‘He really appreciated everything life has to give … and that’s not something David would ever do to himself.’
Binder, said: ‘He was full of life, always wanting to work – a great person.’
Michael Madsen, who played an assassin in Kill Bill said: ‘It is shocking to me that he is no longer with us.’
‘I had been thinking about calling him for the last several days … I have so many great memories of David that I wouldn’t even know where to begin . He has a very special place in my heart.’
Carradine, whose career had recently undergone a renaissance after he appeared in Quentin Tarantino’s bloody two-part martial arts film saga Kill Bill, was in Thailand shooting his latest film, Stretch.
He had been staying at the luxury Swissitel Nai Lert Park since Tuesday.
The crew could not find him after he failed to turn up for a meal on Wednesday night and his body was discovered at 10am yesterday.
Aurelio Giraudo, the hotel’s general manager, said Carradine checked into the hotel May 31 and he last saw him June 3.
He said Carradine chatted with staff and even played piano a few nights in the lobby as well as flute which the ‘guests really enjoyed’.
The hotel, next to the British Embassy in Bangkok is famous for its shrine to fertility.
Visitors make offerings, in the form of phalluses, to the female Spirit of Tubtim who is believed to hover around a nearby canal.
Carradine’s death echoes that of former INXS star Michael Hutchence who was found dead in a Sydney hotel in 1997.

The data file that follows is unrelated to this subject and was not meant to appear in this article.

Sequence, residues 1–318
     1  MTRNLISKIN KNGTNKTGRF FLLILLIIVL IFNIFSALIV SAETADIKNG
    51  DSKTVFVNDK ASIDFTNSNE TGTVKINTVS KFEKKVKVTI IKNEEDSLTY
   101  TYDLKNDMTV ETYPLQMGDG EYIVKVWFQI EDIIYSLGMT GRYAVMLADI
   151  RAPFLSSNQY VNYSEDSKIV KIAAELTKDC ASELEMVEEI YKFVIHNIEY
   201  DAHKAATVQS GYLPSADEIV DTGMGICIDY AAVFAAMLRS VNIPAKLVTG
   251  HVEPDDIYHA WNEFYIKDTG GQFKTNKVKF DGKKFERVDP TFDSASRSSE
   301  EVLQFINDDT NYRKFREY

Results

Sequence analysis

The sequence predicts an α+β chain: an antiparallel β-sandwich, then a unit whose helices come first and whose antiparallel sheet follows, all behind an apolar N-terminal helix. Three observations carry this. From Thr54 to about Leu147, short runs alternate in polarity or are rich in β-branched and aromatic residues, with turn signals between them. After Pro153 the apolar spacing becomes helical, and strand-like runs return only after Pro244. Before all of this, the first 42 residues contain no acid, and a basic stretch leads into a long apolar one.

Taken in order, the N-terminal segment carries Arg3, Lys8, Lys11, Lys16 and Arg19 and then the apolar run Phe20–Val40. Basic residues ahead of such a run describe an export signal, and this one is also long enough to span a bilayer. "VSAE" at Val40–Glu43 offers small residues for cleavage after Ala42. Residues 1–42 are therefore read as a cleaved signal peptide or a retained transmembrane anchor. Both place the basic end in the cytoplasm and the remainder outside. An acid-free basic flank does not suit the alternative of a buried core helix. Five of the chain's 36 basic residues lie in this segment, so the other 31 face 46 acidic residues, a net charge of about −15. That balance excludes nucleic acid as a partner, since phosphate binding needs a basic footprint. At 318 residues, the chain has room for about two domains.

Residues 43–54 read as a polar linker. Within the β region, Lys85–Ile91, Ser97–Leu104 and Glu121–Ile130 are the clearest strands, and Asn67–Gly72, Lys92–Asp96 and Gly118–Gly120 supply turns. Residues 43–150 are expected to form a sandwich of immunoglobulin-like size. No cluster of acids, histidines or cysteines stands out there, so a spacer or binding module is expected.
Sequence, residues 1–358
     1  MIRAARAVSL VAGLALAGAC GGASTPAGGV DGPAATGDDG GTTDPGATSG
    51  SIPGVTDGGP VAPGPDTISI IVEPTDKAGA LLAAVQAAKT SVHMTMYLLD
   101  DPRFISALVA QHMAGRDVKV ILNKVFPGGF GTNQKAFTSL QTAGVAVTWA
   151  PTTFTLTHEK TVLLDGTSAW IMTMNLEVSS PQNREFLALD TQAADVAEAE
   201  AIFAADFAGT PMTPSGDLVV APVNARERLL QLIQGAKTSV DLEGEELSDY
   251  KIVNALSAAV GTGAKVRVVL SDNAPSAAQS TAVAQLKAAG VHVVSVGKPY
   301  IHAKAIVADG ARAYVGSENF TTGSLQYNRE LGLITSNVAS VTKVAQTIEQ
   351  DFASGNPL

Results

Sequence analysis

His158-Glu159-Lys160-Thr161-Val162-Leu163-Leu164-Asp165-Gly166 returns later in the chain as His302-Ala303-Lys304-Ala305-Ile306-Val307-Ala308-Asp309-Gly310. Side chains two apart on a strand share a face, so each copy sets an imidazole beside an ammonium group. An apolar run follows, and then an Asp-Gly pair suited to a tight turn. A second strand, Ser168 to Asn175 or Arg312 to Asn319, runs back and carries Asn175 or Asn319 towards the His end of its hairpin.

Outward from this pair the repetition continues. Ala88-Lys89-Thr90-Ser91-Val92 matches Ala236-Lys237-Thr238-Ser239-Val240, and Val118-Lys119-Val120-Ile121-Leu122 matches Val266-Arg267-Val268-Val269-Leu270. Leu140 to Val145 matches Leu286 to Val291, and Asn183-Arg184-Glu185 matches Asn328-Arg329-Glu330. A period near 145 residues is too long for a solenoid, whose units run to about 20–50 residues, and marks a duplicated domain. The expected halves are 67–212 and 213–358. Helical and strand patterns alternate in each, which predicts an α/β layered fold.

The coroner returned a verdict of suicide but because of the lack of suicide note or history of depression he was believed to have died attempting an act of autoerotic asphyxiation.
Although Carradine was said to he happy at the time of his death, he had spoken of suicide in the past.
He also admitted he had considered shooting himself and did not fear death.
He wrote in his 1995 autobiography Endless Highway that he had tried to kill himself when he was five years old.
The book also documented his alcoholism and extensive use of drugs, from LSD to cocaine.
In a 2004 interview he said: ‘I remember one time sitting in the window of the third or fourth floor floor of the Plaza Hotel for about half an hour, thinking about tipping off.
‘I thought “who cares man? Why not just split”‘.
He also said: ‘There was a period in my life when I had a single action colt.45 loaded, in my desk drawer.
‘And every night I’d take it out and think about blowing my head off – and the decide not to and go on with my life.’
Carradine got his big break in Kung Fu as Kwai Chang Caine, nicknamed Grasshopper, the soft-spoken monk and martial arts expert who travelled through America’s Old West spreading wisdom and battling bad guys.
The show captured the imagination of millions of youngsters. Phrases from Kung Fu such as ‘Snatch the pebble from my hand’ were endlessly repeated in the playground.
Children put ping-pong balls, which had been cut in half, in their eyes in imitation of the show’s blind character, Master Po.
Kung Fu was first screened in 1972 and spawned a film and numerous other offshoots.
Carradine’s portrayal of Caine earned him a nomination for an Emmy, U.S. TV’s highest honour. He left after three seasons.
He was married five times and had two daughters from previous marriages. His fifth wife was Annie Bierman, whom he married in 2004.
His brothers include the actor Keith Carradine.
A U.S. Embassy spokesman said Thai officials had confirmed that Carradine died either late on Wednesday or early yesterday morning.